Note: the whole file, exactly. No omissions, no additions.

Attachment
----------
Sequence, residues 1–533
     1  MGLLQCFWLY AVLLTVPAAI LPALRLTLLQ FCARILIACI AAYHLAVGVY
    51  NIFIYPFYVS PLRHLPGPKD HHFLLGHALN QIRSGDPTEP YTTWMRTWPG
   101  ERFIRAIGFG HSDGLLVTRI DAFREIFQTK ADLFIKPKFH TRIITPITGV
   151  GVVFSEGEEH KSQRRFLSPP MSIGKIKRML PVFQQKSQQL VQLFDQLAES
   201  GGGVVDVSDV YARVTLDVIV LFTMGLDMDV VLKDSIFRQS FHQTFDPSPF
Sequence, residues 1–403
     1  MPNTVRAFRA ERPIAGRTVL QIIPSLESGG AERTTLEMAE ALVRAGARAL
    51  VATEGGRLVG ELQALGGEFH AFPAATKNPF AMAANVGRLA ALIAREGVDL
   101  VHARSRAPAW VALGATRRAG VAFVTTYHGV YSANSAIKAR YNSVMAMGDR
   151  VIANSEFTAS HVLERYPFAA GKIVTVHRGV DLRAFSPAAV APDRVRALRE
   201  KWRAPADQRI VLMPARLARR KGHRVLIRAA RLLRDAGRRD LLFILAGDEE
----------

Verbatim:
Sequence, residues 1–533
     1  MGLLQCFWLY AVLLTVPAAI LPALRLTLLQ FCARILIACI AAYHLAVGVY
    51  NIFIYPFYVS PLRHLPGPKD HHFLLGHALN QIRSGDPTEP YTTWMRTWPG
   101  ERFIRAIGFG HSDGLLVTRI DAFREIFQTK ADLFIKPKFH TRIITPITGV
   151  GVVFSEGEEH KSQRRFLSPP MSIGKIKRML PVFQQKSQQL VQLFDQLAES
   201  GGGVVDVSDV YARVTLDVIV LFTMGLDMDV VLKDSIFRQS FHQTFDPSPF
Sequence, residues 1–403
     1  MPNTVRAFRA ERPIAGRTVL QIIPSLESGG AERTTLEMAE ALVRAGARAL
    51  VATEGGRLVG ELQALGGEFH AFPAATKNPF AMAANVGRLA ALIAREGVDL
   101  VHARSRAPAW VALGATRRAG VAFVTTYHGV YSANSAIKAR YNSVMAMGDR
   151  VIANSEFTAS HVLERYPFAA GKIVTVHRGV DLRAFSPAAV APDRVRALRE
   201  KWRAPADQRI VLMPARLARR KGHRVLIRAA RLLRDAGRRD LLFILAGDEE